How to describe Symbiotic entity wildshape from the spore druid? [closed]

The spores druid have a new type of wild shape the symbiotic entity. In the rules is stated:

At 2nd level, you gain the ability to channel magic into your spores. As an action, you can expend a use of your Wild Shape feature to awaken those spores.

But wild shape is like a metamorphous trait, right? And what exactly is "awakening the spores", you became a giant mushroom? Mushrooms are grown on your back? But if they just grow with the wild shape how you can spread spores? It’s just a random question, but I like to describe every single ability that I use.

How to describe Deterministic Transitive Closure in FOL

In "Finite Model Theory and Its Applications", page 152, it is said that Deterministic Transitive Closure, on ordered finite structures, captures LOGSPACE.

Hence, taking into account that FOL captures LOGSPACE, it should be possible to:

• Given a functional relation R(X,Y) (e.g. "motherOf(X,Y)")
• It should be possible to define, in FOL, a predicate T(X,Y) that captures its transitive closure (e.g. "femaleAncestor(X, Y)")

I would like to know how to define such predicate. This would be quite easy in Datalog, using recursion, but it should be possible to define it without recursion, which is the question that puzzles me.

Describe this Turing machines

I need to describe a Turing machine that it can be multitape.

$$M = (Q,Σ,Γ,δ,q_0,q_a,q_r)$$.

Who decide that language.

$$L=\{\#uqv\#u’q’v’\#:u,v,u’v’∈(Γ\setminus\{\sqcup\}^*,q,q’∈ Q$$ and$$(u,q,v) \Rightarrow (u’,q’,v’)\}$$ according to M.

on alphabet.

$$\Sigma’=Q\cup(Γ\setminus\{\sqcup\})\cup\{\#\}$$

But I not sure to understand the language and the alphabet $$\Sigma’$$, do you have exemple that could help me to understand. Thanks

How to describe that an enemy can avoid opportunity attacks?

I’m the DM of my group. When we are playing I try to describe the effects and actions of enemies and npcs without spelling out exactly what they are to keep some mystique to the actions. Like describing that “the mage shoots a large electrical beam” instead of calling it lighting bolt outright.

I want to add a Flyby effect to a soon to be boss enemy, the description of Flyby is

Flyby: The [creature] doesn’t provoke Opportunity Attacks when it flies out of an enemy’s reach.

However I don’t want to make it seem as if the enemy is avoiding opportunity attacks just because, but neither I want to spell the effect out so they still have to think about it.

How then can I describe an enemy that has immunity to Opportunity Attacks without saying it exactly like that?

Which works best to describe character, item or dungeon properties: Affix or Trait?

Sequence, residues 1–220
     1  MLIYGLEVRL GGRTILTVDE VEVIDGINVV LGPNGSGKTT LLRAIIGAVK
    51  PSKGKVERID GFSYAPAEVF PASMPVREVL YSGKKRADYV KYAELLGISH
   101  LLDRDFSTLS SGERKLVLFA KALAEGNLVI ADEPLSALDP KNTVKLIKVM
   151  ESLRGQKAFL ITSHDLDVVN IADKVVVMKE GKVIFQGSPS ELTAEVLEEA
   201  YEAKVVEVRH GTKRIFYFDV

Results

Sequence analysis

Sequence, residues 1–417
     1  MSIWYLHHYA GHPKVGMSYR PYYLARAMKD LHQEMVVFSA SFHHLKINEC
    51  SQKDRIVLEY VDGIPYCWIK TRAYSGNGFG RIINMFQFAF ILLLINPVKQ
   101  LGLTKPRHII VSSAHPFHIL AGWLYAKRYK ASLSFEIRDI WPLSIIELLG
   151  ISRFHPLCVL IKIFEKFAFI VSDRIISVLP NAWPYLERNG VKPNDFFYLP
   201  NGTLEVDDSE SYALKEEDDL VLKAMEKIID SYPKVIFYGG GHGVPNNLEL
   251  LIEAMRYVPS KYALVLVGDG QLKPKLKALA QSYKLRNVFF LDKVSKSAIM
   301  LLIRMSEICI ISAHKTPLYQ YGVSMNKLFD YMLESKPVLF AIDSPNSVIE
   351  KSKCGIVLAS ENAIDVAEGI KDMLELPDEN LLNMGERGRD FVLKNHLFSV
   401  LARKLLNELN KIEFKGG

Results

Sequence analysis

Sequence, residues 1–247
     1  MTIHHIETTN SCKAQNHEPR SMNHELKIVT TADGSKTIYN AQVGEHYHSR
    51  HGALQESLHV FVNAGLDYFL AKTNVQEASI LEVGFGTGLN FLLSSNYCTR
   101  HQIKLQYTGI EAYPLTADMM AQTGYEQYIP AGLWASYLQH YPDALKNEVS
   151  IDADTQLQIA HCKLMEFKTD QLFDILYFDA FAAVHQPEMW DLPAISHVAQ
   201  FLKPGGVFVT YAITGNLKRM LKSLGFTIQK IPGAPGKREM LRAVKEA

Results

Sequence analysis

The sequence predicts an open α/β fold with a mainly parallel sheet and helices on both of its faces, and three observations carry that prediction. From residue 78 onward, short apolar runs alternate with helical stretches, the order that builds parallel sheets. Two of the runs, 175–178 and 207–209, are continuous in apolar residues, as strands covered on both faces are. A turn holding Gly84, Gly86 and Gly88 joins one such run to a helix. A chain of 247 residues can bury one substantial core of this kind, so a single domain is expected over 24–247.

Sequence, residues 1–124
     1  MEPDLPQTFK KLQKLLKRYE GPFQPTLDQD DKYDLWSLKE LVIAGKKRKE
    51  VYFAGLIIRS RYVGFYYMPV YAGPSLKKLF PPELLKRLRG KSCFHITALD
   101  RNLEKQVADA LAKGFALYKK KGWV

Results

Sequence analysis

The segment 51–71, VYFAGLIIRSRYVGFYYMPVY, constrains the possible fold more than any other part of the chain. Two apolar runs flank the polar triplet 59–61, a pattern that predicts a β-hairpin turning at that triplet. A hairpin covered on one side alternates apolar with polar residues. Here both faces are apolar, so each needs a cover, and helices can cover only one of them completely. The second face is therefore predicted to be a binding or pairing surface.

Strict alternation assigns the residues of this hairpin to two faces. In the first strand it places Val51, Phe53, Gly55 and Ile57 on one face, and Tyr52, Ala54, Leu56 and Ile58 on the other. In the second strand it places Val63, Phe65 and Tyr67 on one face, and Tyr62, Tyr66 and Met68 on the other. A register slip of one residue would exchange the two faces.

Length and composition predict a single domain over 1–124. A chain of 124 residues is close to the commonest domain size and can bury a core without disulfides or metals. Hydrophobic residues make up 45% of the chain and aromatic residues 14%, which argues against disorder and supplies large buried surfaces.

I am working on an RPG portion of my game called “The Underground King“.

My item generator uses the same properties that also apply to characters, vehicles and racing levels (dungeons for short).

I am torn between using the term “Affix” and the term “Trait” to describe the procedurally generated properties, mainly because English is not my first language, and there may be a clear difference in usage between the two.

Examples of traits: Hearty: For items, it gives 5 more HP, for characters they have 5 more HP, for vehicles they have 5 more durability, for dungeons, enemies have 5 HP each. Indomitable: For items, characters and vehicles, it gives the player the ability to ressurect at 100% hp, once dead. For the dungeon, dead enemies remain invulnerable for a few seconds after being dead.

I am open to either opinions or arguments for any of them. Thanks!

Should the DM describe NPC spellcasting so that players can use Counterspell?

Going into battle, standing in front of a medusa and 2 nagas. I have line of sight on all 3. The DM says to make wisdom saving throw, without describing why.

After failing the saving throw, I’m mind controlled by a naga. When I question why, the DM tells me the naga cast a spell (but wouldn’t tell me what one, I assume dominate person, or charm person). To which, I respond, “okay I would use counterspell when I see the naga casting a spell in front of me though.”

The DM claimed I should have used counterspell earlier.

Considering that I could see the creature, am I correct in assuming there should have been a description of “you see the naga wave it’s arms” or “you see the naga begin to chant” before being asked to make a wisdom saving throw? Something to indicate this was a spell and not a effect of the room or something I couldn’t avoid?

P.S. He knows I have counterspell in a ring of spell storing ready.

How specifically do I need to describe (in words) the language of a regular expression?

For the regular expression (abab)a I want to learn how to describe it in words. I know there are an even nmber of bs but how much do I need to explain it? Do I need to explain it enough that each possible string can be produced from my explanation? Another example is (a*[bac]) where I would describe it as as string over {a,b,c} where there are the same number of a’s and c’s.

Thank you.

Describe a Turing machine which decides for any two words w,v in {a}* whether or. not their lengths have the same parity

Describe formally (by means of a transition function) a Turing machine which decides for any two words w, v in {a}* whether or not their lengths have the same parity (i.e., either both lengths are even or both lengths are odd). You may assume that the input is the word of the kind w*v, where * is a new letter.

How to write grammar production rules to describe recursive structures?

I’m trying to describe a data structure by production rules. The structure is recursive; say a list of type $$A$$ made of elements of type $$A$$ or $$B$$.

Writing the grammar, I build this:

$$(S \rightarrow AS|ε)$$ $$(A \rightarrow AA|bA|ε)$$

where $$b$$ is a terminal representing element $$B$$ of my list.

The production $$A \rightarrow AA$$ got me a little baffled… is there something right? Thank you.